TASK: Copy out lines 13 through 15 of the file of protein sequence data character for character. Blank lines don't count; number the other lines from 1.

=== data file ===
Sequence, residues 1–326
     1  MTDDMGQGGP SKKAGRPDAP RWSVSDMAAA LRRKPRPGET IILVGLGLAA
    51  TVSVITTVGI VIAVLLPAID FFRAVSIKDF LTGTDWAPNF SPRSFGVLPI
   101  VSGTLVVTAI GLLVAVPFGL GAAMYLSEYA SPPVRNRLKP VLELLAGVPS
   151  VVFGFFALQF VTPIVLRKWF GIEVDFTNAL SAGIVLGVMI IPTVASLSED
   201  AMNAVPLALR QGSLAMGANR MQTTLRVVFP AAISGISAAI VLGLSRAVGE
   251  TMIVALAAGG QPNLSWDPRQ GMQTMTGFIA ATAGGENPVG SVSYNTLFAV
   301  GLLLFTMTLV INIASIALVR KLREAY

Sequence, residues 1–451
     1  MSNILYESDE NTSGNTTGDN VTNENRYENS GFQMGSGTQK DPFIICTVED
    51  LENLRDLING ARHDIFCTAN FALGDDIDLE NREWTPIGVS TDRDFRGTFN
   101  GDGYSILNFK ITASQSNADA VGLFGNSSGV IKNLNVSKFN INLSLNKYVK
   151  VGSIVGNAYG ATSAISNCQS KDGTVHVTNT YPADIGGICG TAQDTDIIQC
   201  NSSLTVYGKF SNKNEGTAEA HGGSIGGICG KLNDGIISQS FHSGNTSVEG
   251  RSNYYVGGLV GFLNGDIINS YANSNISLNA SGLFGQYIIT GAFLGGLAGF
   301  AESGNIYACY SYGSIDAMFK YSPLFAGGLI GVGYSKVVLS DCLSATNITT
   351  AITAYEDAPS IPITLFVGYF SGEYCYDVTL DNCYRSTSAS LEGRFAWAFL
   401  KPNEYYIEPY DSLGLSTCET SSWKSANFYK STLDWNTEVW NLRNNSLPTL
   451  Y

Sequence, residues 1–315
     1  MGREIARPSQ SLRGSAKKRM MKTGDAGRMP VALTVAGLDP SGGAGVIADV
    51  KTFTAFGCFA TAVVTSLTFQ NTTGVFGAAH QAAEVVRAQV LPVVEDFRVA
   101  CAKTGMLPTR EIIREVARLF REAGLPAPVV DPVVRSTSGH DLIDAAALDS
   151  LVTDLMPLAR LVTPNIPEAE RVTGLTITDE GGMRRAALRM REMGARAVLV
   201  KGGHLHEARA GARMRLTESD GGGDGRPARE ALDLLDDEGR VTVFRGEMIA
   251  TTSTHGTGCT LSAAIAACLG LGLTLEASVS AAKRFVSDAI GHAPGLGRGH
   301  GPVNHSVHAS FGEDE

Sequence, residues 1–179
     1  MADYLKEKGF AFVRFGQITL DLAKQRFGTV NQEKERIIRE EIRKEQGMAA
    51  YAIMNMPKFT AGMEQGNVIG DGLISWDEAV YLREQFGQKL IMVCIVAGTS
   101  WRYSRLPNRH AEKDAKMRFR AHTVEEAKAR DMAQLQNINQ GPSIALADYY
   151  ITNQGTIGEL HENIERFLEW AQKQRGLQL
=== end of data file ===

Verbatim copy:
   151  VGSIVGNAYG ATSAISNCQS KDGTVHVTNT YPADIGGICG TAQDTDIIQC
   201  NSSLTVYGKF SNKNEGTAEA HGGSIGGICG KLNDGIISQS FHSGNTSVEG
   251  RSNYYVGGLV GFLNGDIINS YANSNISLNA SGLFGQYIIT GAFLGGLAGF